Spotted today on the side of a bus: the following La Senza beachwear ad.
The scene: two women on a beach, one lying propped up on an elbow facing camera in a snazzy bikini, the other in a much plainer black swimsuit with her back to camera. First woman is saying to second woman “At least you don’t have guys bothering you all the time.”
Selling your product on the basis that it will make the customer irresistibly attractive to the opposite sex* is common enough. Generally such ads are somewhere between tiresome and faintly offensive, but it’s ground that’s been gone over so many times it’s hard to muster any fresh ire beyond an eye-roll and another addition to the list of companies you won’t buy from.
This though? Is enough out of the ordinary that it made me look at it twice. It’s not entirely clear who’s speaking in the advert: woman #1, woman #2 or some sort of narrator? But the only way I can get it to make any sense at all is the version given above, and it still doesn’t make very much, and it’s not a kind of sense I want it to make.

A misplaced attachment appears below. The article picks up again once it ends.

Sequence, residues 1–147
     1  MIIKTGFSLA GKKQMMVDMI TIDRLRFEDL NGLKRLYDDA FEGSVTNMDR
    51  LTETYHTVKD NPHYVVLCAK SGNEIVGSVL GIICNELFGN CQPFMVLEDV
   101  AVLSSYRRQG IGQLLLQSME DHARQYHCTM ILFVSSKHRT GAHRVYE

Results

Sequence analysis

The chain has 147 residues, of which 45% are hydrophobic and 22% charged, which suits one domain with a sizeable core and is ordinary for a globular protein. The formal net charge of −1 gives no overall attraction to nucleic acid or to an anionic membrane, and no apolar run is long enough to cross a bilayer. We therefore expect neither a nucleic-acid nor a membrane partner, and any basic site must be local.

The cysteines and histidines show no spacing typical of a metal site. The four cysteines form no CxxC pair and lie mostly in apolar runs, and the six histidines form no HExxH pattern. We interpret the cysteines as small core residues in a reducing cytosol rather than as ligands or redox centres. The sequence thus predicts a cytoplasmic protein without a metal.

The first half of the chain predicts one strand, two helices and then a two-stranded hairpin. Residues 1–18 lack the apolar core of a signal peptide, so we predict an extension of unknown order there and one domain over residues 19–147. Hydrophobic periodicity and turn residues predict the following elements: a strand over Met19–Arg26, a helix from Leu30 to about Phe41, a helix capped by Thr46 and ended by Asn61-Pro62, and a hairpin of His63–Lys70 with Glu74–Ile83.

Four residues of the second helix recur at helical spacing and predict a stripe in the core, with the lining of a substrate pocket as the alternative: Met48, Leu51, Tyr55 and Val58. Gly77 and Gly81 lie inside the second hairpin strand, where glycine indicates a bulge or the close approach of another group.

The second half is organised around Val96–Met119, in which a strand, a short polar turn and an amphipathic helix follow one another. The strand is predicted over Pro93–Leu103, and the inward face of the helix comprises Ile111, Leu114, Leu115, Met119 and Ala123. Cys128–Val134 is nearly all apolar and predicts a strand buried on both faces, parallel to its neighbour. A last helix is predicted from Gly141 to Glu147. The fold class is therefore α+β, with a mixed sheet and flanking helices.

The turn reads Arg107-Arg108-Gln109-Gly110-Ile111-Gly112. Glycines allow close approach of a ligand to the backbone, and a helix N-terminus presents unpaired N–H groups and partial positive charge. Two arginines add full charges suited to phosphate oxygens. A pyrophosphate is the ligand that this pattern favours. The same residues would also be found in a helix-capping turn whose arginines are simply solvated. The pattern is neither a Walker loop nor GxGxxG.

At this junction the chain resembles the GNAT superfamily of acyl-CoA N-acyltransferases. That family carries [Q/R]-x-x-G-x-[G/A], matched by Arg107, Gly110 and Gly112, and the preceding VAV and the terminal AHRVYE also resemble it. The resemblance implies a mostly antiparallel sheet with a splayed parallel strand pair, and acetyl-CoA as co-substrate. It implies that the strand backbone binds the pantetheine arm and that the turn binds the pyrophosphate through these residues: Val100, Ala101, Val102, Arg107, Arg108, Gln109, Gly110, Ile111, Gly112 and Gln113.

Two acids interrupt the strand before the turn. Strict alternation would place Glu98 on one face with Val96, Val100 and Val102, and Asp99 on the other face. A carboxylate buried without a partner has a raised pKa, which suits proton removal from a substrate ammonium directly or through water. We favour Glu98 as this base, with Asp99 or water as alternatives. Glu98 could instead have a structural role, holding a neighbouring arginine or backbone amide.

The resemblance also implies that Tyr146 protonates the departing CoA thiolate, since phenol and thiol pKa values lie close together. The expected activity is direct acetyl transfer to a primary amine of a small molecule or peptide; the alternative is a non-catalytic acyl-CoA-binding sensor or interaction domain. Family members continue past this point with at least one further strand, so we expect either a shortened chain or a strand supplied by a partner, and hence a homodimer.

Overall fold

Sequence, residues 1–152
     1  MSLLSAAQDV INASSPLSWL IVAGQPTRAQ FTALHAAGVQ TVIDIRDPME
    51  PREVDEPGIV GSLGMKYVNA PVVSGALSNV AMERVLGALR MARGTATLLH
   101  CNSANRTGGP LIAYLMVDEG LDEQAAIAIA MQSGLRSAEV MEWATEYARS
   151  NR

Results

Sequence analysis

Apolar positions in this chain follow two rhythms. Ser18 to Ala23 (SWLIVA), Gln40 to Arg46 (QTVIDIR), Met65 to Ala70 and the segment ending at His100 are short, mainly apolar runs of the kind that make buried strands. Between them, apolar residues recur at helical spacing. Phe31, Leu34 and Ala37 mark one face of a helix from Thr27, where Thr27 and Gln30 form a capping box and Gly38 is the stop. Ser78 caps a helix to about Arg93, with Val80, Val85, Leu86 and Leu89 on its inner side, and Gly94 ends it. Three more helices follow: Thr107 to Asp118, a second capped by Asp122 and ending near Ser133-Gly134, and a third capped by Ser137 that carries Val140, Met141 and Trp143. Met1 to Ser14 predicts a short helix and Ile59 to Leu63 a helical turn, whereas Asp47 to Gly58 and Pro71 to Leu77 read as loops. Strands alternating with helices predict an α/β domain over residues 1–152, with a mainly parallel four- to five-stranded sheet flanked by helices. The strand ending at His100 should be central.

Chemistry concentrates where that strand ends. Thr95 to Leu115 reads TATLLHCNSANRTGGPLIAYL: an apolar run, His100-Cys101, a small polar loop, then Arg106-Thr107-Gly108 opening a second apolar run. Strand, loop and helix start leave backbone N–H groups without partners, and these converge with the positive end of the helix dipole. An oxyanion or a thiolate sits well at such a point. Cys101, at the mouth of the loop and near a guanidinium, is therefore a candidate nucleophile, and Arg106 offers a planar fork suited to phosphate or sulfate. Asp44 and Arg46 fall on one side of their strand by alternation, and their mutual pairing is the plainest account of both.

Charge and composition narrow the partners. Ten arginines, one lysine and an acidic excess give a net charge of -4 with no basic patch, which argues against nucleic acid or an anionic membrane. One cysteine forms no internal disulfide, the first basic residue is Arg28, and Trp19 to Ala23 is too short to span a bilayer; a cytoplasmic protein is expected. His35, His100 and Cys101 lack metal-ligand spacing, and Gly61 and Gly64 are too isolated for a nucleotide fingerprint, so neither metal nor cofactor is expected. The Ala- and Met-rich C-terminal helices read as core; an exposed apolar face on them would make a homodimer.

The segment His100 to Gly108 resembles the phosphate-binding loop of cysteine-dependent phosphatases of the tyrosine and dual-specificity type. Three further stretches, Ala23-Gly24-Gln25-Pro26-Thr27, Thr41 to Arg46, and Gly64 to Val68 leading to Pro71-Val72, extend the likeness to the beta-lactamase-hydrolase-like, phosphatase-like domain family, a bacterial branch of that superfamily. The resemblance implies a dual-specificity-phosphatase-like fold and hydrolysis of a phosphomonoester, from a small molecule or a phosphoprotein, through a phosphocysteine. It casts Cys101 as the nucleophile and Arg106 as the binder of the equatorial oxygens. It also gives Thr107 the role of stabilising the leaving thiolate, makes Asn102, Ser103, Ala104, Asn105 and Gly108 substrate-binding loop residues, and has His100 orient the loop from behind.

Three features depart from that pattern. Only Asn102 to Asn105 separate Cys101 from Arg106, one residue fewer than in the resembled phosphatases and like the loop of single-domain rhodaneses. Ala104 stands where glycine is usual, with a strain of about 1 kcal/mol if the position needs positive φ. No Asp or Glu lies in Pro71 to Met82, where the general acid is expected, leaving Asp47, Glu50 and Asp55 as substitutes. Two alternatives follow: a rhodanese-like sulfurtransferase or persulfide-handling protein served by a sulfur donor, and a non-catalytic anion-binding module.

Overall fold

It’s not saying “Buy our lingerie and men will be attracted to you”, it’s saying “Buy our lingerie and men will sexually harass you at the beach.” ‘Bother’ is not a neutral word. It’s not implying positively received attention or even neutral if uninvited attention; it’s a negative word.
Obviously plenty of people do still insist that wearing lingerie basically anything in public constitutes consent to sexual harassment. (And they can go fuck themselves.) But it’s extremely unusual, and rather worrying, to see this ‘connection’ being repeated by an advert itself.
*And it is always and only the opposite sex, presumably because marketers are pandering to the idea that all straight people are homophobes who will react with terror and fury to same-sex overtures. I guess a lot of us are, sadly. Even the adverts which show the attractive power of the product working to ridiculous extremes (e.g. that Lynx advert with the chocolate dude) never seem to have anyone of the same sex caught up in the tide.